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Comptech CT Eng Power grip2 Clutch

15 August 2007
Atlanta Ga
Any Reviews on the Comptech Powergrip2 clutch......

Read some on here, but most just talked about the chatter with the old discs and the high pressure feeling.

1. Do you lose any tq down low with light flywheel?
2. Clutch Pedal Feel?
3. On and Off feel?
Thanks in Advance

Comptech Ct Eng Powergrip2 Clutch
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Not sure about the torque down low, I felt that the lower flywheel mass helped acceleration down low. The pedal is double the pressure of stock and is very comperable to the RPS single disc clutch. Engagement is smooth with no chatter. It is not an "on or off" clutch and has reasonable travel for engagement. The life expectancy is somewhat low in my opinion and the 2 I have had did not make it over 20,000 miles. The pedal pressure is an issue for some people, especially in stop and go traffic but most are quickly accustomed to the increase pressure.
FWIW the RPS seems to have a longer life expectancy, mine currently is pushing 30,000 at over 500 rwhp with no slip.
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Both are very good clutches. The PG2 has at least 4-5 years of history and the RPS has about 2-3 years of history. I think it's safe to say that both have proven to be reliable. We have installed quite of the RPS clutches in cars from stock - 600 wheel horsepower. I use this on two of our high horsepower cars in house and have been very happy with the results. I love how the RPS being significantly lighter than stock allows the engine to free rev much faster - making rev-matched downshifts a pleasure.

A couple notes:

1. The RPS single disc clutch uses the same pressure plate / diaphragm design as the Comptech PG2, so the pedal effort will be similar. You will be able to find several reviews of the RPS online as it is a very popular clutch.

It's important to understand that in a clutch design, you can produce increased holding power over stock with surface area, friction, or clamping force. Both clutches are single disc, and have decent sized discs used. This design allows it to be used on either early or later cars (a twin disc carbon / organic clutch for extreme horsepower is now available which you can find on our site as well). The downside of making the friction liner with a high coefficient of friction (like Exedy clutches) is that the engagement is very static, making engagement and modulation in stop and go traffic very difficult. Both the RPS and Comptech clutch use a relatively stiffer spring rate to achieve the holding power they are capable of. This translates into the clutch pedal being stiffer than stock. The pressure required to depress the pedal is about 50% stiffer than stock. Most people are not bothered by this, but it is a point to consider. The upside with this design is that the clutches are very easy to engage (as smooth as stock).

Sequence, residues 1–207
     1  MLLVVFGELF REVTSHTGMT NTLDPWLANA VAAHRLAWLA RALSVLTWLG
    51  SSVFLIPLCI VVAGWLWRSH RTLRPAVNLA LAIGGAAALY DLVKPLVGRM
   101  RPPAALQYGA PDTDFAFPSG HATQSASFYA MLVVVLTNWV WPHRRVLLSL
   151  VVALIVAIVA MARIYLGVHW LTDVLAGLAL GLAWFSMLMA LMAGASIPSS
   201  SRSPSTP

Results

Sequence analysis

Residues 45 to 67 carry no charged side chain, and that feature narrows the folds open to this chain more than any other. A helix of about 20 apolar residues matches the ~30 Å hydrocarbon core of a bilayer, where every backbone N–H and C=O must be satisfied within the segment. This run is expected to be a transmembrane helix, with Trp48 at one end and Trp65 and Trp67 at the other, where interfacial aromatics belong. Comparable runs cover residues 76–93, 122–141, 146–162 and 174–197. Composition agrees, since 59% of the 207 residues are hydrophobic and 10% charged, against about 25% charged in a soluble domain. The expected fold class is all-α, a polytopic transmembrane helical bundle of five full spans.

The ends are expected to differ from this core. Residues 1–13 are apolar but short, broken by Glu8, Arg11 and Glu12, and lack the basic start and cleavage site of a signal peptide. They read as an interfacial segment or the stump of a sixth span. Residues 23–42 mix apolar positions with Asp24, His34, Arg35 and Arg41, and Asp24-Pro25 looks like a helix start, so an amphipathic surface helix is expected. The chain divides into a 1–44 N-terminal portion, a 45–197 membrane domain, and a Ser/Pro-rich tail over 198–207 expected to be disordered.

2. The engagement of the clutches are very similar. I believe the RPS stage 1 clutch engages smoother than the PG2 - however it is so minor it may be insignificant.

3. There are a couple notable advantages of the RPS clutch including:
a. patented segmented flywheel design - reduces wear from warpage & reduces rebuild cost as it can be reused.
b. the clutch cover is machined billet aluminum on the RPS compared to the cast cover on the PG2. This increases the strength of the clutch.
c. the RPS features locating pins that centers the clutch precisely when it is spun balanced and then installed. I don't know if the PG2 is spun balanced, but I see this as an advantage if it is not.
A couple notes:
d. we offer the RPS below for a price that is less expensive than the PG2.

Based on this, I recommend the ScienceofSpeed dual disc clutch for customers that have increased performance requirements but want a clutch pedal that is close to stock. This clutch is best for 1991-96 NSX and can be found here:

For customers with higher horsepower requirements or for most customers with 1997-2005 NSX that don't want to pay the exorbitant price for a factory single disc clutch, I prefer the RPS:

By the way, this is the new RPS twin disc carbon fiber / organic clutch. It's out of scope of this discussion, but a neat thing to look at:

I hope this was helpful. Feel free to call us if you have any questions.

-- Chris
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Thank You both for your info....Helps allot........

I here RPS is the way......
I installed the powergrip2...... Coming from a Centerforce Clutch

1. Pedal is very stiff, with low travel
2. Close to on/off but not as severe
3. Flywheel--Makes a Diff IMO
4. Car REV faster
5. Downshift and Up shift quickly and easy
6. No chatter at all--Smooth As Butter
7. Clutch really GRABS--Must Match REV if you want a smooth transition
8. Very Hard to ride the clutch on this setup IMO. Its either pushed in or not....

All in all, everything that Prime Members told me to expect came true.....

I want to thank Mark (Dali) for help with parts and Chris (SOS) review of the clutch...............

P.S. I have to turn TCS off now. For the wheels are spinning...:redface:

Install Took 8 hrs on and off the job.....Bolts were a pain getting back in with 1 person.

Overall I got it for 1/3 the cost. If the RPS has the performance increase without the stiff pedal....All i Can say is wow. But for now its comptech powergrip2

CtSC 350hp 260tq
thanks Chris, I found your post very informative!

I think I have the PG2 in my s2000 right now and love that feel.

The only thing I don't agree is that the RPS has a much stiffer feel when I drove an NSX with it compared to the PG2 in my s2000?

In your statements you said the RPS and Comptech are comparable in feel?